An increase in outpatient visits that included an anxiety diagnosis was also met with a decrease in treatment visits, while there was no significant change in the overall use of medications in all time periods.
The proportion of outpatient visits that included an anxiety diagnosis for US children, youth, and young adults increased from 2006 to 2018, while proportions of office visits for treatment decreased, according to a study published in Pediatrics.
Anxiety disorders are the most common mental health condition among children, adolescents, and young adults, and over the last 2 decades, anxiety symptoms among these individuals have increased. According to the authors, anxiety treatment seemingly lags behind the increase in the need for treatment. More parents and caregivers are reporting that anxiety is being diagnosed without follow-up treatment.
Using serial cross-sectional data from the National Ambulatory Medical Care Survey (NAMCS) (2006-2018), a nationally representative annual survey of US office-based visits, the study aimed to evaluate recent trends in anxiety disorder diagnosis and treatment. Patients included in the study were aged 4 to 24 years and stratified into 3 age groups (4-11 years, 12-17 years, and 18-24 years). Visits with an anxiety disorder diagnosis were defined as having the following diagnostic codes: “International Classification of Diseases, 9th Edition 300.0, 300.2, 309.21, 313.23; International Classification of Diseases, 10th Edition F40, F41, F930, and F940,” the authors wrote.
Treatment categories were created based on the NAMCS survey collection tool, consisting of: (1) psychotherapy or counseling (therapy alone), (2) therapy and medications, (3) medications alone, and (4) neither therapy nor medication (neither). Because of small numbers of visits for anxiety disorder diagnosis for individual years, 3 time periods were created so data could be pooled together. The time periods included (1) 2006 to 2009, (2) 2010 to 2013, and (3) 2014 to 2016 and 2018, as the NAMCS was not released for 2017. Investigators compared differences in treatment categories using multinomial logistic regression adjusting for age, sex, group, and race and ethnicity, accounting for differences over time in sample demographics associated with mental health treatment.
“We included categorical indicator variables for the periods and compared the second and third periods to the first period (referent group) to assess temporal changes in the use of treatments; we considered P values for coefficients to be significant at a <.05,” the authors wrote. Resulting proportions were weighted to reflect national estimates.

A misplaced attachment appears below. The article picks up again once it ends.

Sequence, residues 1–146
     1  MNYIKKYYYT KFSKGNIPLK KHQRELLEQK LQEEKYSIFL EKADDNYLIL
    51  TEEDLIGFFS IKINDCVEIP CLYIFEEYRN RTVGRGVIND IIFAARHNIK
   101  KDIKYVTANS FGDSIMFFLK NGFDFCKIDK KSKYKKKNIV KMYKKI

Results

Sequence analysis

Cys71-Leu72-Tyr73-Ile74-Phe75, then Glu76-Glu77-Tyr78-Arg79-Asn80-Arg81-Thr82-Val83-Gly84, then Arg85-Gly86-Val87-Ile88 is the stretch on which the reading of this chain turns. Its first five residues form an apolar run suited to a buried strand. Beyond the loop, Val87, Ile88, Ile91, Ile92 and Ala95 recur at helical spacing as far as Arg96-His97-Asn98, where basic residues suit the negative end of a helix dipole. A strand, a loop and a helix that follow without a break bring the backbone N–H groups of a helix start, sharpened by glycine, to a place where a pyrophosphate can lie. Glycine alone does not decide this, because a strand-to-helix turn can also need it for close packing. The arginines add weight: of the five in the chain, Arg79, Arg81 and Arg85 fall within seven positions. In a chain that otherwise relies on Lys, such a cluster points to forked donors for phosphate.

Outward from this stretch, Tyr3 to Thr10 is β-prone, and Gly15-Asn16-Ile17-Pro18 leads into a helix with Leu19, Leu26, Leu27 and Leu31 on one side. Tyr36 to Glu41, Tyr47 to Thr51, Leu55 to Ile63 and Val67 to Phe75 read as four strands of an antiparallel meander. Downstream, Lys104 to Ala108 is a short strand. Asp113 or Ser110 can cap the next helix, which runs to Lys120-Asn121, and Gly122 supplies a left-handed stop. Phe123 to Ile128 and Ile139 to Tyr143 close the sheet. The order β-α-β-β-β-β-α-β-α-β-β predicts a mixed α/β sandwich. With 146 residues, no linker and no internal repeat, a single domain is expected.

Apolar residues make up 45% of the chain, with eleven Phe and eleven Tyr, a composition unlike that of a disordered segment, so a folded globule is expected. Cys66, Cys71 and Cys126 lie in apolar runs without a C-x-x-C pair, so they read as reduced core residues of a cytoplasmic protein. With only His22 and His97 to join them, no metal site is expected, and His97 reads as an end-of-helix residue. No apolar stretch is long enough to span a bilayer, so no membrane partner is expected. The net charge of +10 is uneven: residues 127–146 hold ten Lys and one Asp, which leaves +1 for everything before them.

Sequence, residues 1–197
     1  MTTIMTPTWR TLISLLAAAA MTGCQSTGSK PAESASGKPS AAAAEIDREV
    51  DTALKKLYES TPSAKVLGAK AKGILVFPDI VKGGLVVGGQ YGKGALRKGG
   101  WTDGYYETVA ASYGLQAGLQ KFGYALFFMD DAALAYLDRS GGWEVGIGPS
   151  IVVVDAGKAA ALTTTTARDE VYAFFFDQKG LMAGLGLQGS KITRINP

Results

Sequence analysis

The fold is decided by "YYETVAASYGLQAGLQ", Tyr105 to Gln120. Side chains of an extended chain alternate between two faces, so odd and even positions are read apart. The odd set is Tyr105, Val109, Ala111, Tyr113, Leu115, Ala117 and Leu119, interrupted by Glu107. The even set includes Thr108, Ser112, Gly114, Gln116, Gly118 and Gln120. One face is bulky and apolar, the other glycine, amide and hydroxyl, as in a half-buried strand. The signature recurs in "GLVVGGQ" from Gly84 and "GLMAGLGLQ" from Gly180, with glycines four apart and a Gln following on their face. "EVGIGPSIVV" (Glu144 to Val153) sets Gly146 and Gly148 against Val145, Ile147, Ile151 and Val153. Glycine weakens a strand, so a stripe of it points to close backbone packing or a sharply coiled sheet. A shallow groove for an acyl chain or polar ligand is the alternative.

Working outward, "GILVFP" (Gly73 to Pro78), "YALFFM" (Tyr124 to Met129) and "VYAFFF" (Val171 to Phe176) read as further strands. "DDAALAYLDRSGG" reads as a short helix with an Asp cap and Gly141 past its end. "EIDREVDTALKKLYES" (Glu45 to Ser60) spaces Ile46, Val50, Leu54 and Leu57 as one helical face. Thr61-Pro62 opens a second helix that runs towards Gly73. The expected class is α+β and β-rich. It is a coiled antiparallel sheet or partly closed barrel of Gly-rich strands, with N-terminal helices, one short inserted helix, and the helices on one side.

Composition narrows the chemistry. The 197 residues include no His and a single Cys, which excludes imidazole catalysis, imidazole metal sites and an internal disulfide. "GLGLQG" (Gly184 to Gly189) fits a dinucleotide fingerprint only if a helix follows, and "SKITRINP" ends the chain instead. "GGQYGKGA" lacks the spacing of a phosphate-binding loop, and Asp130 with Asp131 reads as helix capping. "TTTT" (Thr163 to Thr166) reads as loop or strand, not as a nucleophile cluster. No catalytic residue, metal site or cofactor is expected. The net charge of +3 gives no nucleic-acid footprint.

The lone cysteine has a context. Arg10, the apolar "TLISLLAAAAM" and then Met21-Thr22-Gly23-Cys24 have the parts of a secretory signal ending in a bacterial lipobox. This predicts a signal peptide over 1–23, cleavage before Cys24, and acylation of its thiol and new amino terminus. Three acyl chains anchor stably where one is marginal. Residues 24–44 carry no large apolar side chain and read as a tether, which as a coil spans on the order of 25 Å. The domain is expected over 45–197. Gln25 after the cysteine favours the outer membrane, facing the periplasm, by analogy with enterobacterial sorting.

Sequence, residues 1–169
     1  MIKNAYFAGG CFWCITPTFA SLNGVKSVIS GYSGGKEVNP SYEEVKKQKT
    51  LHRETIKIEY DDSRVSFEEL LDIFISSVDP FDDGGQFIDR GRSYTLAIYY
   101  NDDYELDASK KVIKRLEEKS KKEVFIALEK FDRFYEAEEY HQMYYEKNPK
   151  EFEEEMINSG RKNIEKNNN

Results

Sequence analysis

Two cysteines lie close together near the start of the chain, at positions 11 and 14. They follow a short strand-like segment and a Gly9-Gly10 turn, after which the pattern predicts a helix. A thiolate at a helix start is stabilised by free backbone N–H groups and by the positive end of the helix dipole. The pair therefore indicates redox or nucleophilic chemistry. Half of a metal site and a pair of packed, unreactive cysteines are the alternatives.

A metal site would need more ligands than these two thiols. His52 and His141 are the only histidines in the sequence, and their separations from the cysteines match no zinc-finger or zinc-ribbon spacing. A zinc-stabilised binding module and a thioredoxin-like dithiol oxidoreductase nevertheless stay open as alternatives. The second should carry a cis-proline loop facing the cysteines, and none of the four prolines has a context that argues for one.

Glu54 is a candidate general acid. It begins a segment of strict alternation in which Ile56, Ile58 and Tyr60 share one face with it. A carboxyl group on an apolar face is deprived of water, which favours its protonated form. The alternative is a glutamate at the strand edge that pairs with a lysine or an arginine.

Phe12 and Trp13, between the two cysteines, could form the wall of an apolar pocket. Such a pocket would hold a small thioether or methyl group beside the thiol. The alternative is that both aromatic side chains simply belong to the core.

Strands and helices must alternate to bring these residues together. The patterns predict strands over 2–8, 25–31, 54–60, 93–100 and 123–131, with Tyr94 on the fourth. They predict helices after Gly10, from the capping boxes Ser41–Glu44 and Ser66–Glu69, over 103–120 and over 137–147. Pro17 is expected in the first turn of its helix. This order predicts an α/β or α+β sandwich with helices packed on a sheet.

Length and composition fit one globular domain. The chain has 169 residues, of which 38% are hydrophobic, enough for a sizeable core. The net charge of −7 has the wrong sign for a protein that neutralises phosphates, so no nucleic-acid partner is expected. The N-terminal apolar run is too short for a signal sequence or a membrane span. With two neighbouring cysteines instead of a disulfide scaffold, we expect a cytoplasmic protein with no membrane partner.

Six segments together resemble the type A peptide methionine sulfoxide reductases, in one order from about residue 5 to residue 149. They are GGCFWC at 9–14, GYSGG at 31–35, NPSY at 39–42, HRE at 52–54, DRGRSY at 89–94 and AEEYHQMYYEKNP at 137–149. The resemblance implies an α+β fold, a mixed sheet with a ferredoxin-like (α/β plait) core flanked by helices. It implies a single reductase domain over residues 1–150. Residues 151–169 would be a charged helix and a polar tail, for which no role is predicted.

According to the study, 1734 visits for anxiety disorder of the study period in the sample represented a total of 46.4 million office visits with an anxiety disorder diagnosis. The overall proportion of office visits with an anxiety disorder diagnosis significantly increased from 1.4% in 2006 to 2009 (95% CI 1.2-1.7 [n = 9,246,921 visits]) to 4.2% in 2014 to 2018 (95% CI 3.4-5.2 [n = 23,120,958 visits]).
The proportion of visits with an anxiety disorder diagnosis increased for all age groups, particularly for adolescents (1.4% [95% CI 1.1–1.9] to 4.6% [95% CI 3.3–6.4]) and young adults (2.5% [95% CI 2.1-3.1] to 7.1% [95% CI 5.7-8.9]). Smaller proportion increases in anxiety disorder diagnoses were observed among children (0.6% [95% CI 0.4-0.9] to 1.5% [95% CI 1.0-2.2]).
In the first to last time periods, the overall proportion of visits with therapy alone or therapy and medication decreased from 48% (95% CI 40.1-56.7 [n = 4,513,468 visits]) to 32.6% (95% CI 24.5-41.8 [n = 7,536,619 visits]). “However, the overall proportion of visits with medication prescribed did not differ by period, and in the last period, medications were prescribed in 61.8% (95% CI 54.1–68.9 [n = 5 14 286 916]) of all visits,” authors wrote. Compared to the first, the likelihood of receiving medication alone during office visits was significantly higher in the last period (relative risk ratio = 2.42, 95% CI 1.24-4.72).
Overall, the proportion of outpatient visits which included an anxiety diagnosis increased over time. The increase was accompanied by a decrease in the proportion of visits with therapy. Investigators concluded, “The reduction in therapy during office visits and the greater reliance on medications for anxiety disorders may reflect growing resource constraints in office settings in the context of a child and youth mental health crisis that has been building over time.” Authors note further research is needed to investigate whether reliance on medications trends, which evolved during the COVID-19 pandemic, have continued or worsened.
Chavez L, Gardner W, Tyson D, et al. Trends in office-based anxiety treatment among US children, youth, and young adults: 2006–2018. Pediatrics 2023; e2022059416. 10.1542/peds.2022-059416